Chapter 10: Second Manassas-Sharpsburg — Fredericksburg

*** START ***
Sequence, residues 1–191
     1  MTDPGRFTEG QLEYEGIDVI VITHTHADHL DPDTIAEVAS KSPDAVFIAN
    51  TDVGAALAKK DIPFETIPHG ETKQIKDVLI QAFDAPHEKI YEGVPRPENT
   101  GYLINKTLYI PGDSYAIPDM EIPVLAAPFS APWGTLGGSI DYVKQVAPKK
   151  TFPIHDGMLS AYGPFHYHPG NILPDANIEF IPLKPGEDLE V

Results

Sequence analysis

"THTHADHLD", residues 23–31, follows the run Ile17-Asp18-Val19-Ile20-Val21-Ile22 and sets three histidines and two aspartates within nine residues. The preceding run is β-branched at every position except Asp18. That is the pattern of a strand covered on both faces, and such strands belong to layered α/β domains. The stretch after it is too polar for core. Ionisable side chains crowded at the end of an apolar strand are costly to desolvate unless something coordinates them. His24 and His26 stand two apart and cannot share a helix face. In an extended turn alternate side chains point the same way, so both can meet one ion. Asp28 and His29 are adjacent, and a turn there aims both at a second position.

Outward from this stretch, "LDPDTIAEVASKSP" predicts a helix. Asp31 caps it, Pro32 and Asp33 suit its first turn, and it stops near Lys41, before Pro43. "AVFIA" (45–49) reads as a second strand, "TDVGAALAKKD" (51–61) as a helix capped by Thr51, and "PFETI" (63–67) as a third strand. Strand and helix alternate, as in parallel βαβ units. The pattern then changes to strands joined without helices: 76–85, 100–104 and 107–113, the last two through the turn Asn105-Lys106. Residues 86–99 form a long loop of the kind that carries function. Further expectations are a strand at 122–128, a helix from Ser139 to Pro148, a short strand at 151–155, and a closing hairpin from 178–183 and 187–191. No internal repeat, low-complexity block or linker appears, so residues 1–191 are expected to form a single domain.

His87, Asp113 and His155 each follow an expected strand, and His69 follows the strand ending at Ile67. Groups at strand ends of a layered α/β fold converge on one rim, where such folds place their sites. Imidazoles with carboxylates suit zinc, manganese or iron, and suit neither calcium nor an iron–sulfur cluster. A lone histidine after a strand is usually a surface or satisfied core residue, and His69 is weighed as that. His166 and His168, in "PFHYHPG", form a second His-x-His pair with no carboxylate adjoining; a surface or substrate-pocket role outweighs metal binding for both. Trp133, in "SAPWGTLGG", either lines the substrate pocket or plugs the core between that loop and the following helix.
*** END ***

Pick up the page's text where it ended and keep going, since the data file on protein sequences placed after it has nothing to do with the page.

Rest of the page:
- Not at Second Manassas or Sharpsburg -- a glimpse of Richmond in the summer of 1862 -- Col. Willis, of the Twelfth Georgia -- Jackson in the Railroad cut at Manassas -- Sharpsburg the hardest fought of Lee's battles, Fredericksburg the easiest won -- the Mississippi brigade Entertains a baby -- a conscript's first fight -- magnificent spectacle when fog curtain rose -- aurora borealis at close of the drama.